By Mark Waller, NOLA.com | The Times-Picayune
The emerging technology of 3D printing might take more forms than people widely understand. New Orleans native and technology executive Hugh Evans says the city could seize on the technology to become a hub for printing food, printing biological tissue for medical treatment, printing ceramics in arts and crafts and printing parts for the oil and gas industry.
Evans spoke at New Orleans Entrepreneur Week during a showcase on 3D printing Thursday, where he described possibilities in the field and helped announce winners of a New Orleans Museum of Art contest for 3D printed creative designs. He is a Baltimore resident who serves as vice president of corporate development and ventures at 3D Systems, which invented the technology and is the largest company in the industry, based in Rock Hill, South Carolina.
Evans described how GE is using 3D printing to make parts for a jet engine with improved fuel efficiency. He talked about its use or potential use in making cell phones, space drones and prosthetic limbs. He talked about the possibility of 3D printers recycling plastic bottles by transforming their materials into other objects. He talked about retail 3D printing storefronts already operating in some major cities, where people can take their designs to get 3D objects made. He said he expects that type of service soon will enter New Orleans.
“It’s all intellectually stimulating,” he said. “So that’s why I say every day for me is an adventure.”
Even the potential complications present a fascinating intellectual exercise. If someone uses a cell phone scanner on an object – and that is coming, Evans said – to submit the dimensions of the object and make a 3D print of the physical shape of a commercial product, does that violate copyright laws?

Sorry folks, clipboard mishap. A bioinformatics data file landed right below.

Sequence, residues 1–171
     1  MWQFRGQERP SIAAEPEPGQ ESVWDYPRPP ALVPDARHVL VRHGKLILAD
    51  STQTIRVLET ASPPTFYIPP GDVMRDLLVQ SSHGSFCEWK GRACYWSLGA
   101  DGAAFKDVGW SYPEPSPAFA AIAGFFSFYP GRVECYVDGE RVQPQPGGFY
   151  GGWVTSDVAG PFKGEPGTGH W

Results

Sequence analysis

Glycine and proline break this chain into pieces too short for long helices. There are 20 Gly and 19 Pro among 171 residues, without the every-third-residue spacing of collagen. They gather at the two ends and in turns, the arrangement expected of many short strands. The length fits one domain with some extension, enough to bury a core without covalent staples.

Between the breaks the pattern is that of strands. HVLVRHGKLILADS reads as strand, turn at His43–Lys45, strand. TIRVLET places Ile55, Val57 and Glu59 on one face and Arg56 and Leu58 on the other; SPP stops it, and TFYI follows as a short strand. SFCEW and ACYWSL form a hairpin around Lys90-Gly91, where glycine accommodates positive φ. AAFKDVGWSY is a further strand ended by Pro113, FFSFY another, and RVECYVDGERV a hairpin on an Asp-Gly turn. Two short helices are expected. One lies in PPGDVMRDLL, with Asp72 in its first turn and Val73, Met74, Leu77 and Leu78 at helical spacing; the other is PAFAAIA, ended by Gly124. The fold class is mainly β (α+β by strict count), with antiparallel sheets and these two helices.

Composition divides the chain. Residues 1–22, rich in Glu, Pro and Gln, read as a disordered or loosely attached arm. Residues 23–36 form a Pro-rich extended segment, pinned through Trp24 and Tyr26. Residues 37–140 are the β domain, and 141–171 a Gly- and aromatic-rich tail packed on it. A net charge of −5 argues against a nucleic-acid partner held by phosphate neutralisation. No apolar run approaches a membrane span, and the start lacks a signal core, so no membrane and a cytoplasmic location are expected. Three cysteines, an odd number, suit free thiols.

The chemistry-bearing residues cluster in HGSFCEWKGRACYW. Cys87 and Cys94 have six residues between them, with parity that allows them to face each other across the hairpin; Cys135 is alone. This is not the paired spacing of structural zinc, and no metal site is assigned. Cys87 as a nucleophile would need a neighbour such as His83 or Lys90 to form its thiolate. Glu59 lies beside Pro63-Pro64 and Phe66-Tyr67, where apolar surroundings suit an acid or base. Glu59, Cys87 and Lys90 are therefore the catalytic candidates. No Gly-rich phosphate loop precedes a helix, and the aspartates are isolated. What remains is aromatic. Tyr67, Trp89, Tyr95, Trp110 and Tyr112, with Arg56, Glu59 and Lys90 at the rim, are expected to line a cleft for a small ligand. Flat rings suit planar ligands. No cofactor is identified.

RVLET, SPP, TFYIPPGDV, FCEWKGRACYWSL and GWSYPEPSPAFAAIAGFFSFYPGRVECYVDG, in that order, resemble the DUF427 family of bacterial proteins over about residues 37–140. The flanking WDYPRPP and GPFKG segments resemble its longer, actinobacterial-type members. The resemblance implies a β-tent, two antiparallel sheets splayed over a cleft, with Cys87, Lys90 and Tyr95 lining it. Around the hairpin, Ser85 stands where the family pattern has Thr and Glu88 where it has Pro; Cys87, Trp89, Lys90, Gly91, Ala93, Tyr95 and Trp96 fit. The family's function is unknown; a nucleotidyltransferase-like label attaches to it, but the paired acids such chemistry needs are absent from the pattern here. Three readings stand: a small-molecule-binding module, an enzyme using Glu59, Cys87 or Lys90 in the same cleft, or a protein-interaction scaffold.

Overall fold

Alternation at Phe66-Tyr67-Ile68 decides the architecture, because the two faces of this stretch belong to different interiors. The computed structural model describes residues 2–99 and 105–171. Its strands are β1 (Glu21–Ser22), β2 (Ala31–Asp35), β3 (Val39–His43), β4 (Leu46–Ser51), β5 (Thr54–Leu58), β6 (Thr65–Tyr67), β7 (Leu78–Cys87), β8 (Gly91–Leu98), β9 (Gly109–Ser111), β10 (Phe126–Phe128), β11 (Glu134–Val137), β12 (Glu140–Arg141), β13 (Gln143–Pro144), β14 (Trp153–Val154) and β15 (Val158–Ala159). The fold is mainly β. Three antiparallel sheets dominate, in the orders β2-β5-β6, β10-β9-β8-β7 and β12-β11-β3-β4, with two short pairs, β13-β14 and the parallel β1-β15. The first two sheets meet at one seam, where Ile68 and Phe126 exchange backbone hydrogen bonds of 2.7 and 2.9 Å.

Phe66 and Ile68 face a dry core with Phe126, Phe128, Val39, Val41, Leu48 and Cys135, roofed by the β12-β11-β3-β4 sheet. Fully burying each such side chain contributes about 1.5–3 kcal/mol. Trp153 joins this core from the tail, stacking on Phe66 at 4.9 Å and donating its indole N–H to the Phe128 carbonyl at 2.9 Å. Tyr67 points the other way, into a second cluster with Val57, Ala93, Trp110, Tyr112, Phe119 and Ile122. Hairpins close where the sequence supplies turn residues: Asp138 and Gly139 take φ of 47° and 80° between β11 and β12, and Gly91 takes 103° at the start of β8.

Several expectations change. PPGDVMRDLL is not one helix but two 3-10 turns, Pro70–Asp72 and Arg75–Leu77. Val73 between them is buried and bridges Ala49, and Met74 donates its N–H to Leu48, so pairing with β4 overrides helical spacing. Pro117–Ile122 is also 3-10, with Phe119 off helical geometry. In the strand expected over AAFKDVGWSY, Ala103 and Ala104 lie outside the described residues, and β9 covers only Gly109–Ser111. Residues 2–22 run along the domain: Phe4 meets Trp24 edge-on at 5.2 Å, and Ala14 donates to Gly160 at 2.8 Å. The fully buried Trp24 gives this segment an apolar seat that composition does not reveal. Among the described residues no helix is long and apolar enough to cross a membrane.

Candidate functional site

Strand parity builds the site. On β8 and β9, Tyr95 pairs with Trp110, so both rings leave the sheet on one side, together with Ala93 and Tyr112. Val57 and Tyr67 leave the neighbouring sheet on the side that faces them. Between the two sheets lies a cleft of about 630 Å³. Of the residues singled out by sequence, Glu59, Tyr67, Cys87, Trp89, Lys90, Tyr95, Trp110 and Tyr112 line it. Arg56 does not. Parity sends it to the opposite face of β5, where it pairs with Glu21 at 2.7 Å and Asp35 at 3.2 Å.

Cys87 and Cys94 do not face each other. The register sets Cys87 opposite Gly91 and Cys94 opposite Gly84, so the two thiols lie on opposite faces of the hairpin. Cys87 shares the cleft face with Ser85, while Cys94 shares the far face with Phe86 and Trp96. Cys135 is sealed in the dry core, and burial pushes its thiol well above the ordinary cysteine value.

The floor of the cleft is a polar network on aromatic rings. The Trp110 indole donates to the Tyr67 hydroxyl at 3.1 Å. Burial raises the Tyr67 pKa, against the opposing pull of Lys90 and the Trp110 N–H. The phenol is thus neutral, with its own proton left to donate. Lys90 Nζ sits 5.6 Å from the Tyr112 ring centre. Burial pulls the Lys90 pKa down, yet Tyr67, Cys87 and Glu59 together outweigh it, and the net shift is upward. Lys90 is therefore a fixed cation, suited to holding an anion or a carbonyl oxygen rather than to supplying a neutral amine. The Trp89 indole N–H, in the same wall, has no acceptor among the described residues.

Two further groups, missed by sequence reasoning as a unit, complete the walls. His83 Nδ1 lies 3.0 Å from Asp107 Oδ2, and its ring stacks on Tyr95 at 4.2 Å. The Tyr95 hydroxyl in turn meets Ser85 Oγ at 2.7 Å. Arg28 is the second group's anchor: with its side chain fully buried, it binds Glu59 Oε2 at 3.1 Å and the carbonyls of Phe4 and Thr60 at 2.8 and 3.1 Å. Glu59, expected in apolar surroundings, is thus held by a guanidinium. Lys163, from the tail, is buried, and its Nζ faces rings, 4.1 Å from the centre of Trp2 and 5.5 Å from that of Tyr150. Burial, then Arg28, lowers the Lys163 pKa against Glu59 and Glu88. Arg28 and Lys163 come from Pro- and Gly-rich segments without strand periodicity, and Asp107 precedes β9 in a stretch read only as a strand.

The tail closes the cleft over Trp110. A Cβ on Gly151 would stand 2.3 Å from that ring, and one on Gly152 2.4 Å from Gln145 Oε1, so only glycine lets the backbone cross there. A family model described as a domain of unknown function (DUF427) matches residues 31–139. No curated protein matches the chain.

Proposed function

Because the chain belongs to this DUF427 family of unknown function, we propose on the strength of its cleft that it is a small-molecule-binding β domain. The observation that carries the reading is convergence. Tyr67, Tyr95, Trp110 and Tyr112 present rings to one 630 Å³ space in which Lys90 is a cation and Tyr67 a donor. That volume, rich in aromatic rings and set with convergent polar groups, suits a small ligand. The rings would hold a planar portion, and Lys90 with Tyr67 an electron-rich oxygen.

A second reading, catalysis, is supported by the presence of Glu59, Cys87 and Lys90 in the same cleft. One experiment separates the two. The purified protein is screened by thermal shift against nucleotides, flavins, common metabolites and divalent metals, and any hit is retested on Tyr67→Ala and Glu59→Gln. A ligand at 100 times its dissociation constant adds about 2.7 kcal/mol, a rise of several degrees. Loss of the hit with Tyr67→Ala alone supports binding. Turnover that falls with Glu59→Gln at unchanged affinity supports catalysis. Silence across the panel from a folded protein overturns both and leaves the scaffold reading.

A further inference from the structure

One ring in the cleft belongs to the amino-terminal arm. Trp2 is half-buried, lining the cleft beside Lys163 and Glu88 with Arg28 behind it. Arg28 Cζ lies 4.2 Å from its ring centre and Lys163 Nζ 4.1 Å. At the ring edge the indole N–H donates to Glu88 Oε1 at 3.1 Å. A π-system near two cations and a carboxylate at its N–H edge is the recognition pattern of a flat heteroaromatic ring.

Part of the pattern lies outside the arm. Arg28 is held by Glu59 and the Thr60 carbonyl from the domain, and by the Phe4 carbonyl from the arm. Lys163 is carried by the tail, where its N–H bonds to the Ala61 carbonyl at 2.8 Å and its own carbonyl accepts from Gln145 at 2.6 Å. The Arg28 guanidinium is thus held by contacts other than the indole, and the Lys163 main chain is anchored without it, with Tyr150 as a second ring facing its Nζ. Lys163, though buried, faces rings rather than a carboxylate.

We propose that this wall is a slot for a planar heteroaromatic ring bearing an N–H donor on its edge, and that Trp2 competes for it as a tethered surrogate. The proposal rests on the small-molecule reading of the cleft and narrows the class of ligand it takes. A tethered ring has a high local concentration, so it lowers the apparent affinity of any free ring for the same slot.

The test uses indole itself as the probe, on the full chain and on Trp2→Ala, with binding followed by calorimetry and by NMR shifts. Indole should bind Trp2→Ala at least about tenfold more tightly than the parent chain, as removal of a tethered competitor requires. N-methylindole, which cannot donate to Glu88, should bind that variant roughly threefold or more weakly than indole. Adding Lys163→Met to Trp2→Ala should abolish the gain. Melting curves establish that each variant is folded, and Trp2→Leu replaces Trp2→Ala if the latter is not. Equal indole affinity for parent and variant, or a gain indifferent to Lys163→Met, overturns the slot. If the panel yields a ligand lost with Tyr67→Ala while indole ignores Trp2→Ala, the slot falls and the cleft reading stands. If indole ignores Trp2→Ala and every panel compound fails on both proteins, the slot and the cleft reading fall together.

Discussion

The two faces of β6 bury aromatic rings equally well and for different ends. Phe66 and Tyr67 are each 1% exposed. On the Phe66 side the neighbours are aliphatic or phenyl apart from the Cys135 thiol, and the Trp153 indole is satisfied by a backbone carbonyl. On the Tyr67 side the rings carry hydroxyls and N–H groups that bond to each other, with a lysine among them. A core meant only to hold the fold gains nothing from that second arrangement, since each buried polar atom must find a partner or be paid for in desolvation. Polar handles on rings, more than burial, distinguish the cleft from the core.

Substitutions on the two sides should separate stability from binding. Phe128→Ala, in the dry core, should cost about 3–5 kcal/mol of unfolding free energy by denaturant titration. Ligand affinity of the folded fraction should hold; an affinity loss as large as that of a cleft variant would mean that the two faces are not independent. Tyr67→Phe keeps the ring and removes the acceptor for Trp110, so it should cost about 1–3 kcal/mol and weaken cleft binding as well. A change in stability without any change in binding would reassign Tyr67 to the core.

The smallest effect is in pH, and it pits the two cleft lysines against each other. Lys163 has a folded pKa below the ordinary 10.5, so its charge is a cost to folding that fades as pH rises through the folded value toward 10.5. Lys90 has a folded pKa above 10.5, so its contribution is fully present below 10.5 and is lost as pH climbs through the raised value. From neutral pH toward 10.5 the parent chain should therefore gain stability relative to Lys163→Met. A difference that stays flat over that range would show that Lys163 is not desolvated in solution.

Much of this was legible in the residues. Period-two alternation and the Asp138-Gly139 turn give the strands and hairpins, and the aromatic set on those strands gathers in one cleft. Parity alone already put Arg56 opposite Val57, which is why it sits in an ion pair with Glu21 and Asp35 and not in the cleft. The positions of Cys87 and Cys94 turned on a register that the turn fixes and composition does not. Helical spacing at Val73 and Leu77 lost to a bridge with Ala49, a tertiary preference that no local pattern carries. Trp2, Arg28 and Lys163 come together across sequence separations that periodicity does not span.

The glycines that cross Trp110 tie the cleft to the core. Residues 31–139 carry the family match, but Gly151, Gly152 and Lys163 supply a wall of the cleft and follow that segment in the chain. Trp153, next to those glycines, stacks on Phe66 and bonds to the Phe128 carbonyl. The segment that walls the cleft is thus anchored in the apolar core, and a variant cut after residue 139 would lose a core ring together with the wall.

“Some say yes; Some say no,” Evans said.
“The lawyers are going to make a lot of money. It’s thorny.”
At the conclusion of his talk, he was joined by Susan Taylor, director of the New Orleans Museum of Art, and Tim Williamson, chief executive of The Idea Village organization that runs Entrepreneur Week, to announce 3D designs the museum will display after an application and judging process held in conjunction with Entrepreneur Week.
“This is something that has captured the imagination of artists all over the country,” Taylor said.
An honorable mention went to a 3D printed horse submitted by a fourth grade student. Second place was a tie between a 3D printed bikini and an intricate sculpture with a skull shape at its center. The top winner was a 3D printed representation of the shapes of sound waves, which resemble seashells.
The sound waves sculpture came from New Orleans architect Shea Trahan, who said the idea started with him thinking about designs for meditation spaces. It is based on mapping of how sound waves move through space.
Someday, he said, he would like to see a full-scale building based on the shapes, for meditation, therapeutic, performance hall or other uses. He said he hopes attention from the contest will help him find others interested in the project.
“Hopefully my work can find someone who has a use for it,” Trahan said.
With their shell shapes, the sound wave models he 3D printed had surprising structural integrity, Trahan said. Getting a similar, large-scale structure to stand, he said, clearly would require engineering.
Frances Guevara, who designed the 3D printed bikini, said she is grateful the technique is gaining attention in New Orleans.
“I don’t want to have to fly to New York every time I have to show my work,” she said. “I’m just excited that NOMA and New Orleans is going to embrace this new technology.”
Guevara said she wants to continue working with 3D printing and fashion. Ultimately, she said, the technology could allow people to print their own clothes at home, with every item perfectly tailored to every individual’s measurements.
The event’s youngest winner with the horse sculpture was Ava Hankins. Its other recognized artist team with the skull design included Richard Goodard and Dan Miller.
“It’s remarkable to see a New Orleanian who moved away and is coming back here to talk about this,” Williamson said about Evans. And, he argued New Orleans can become a center for 3D printing.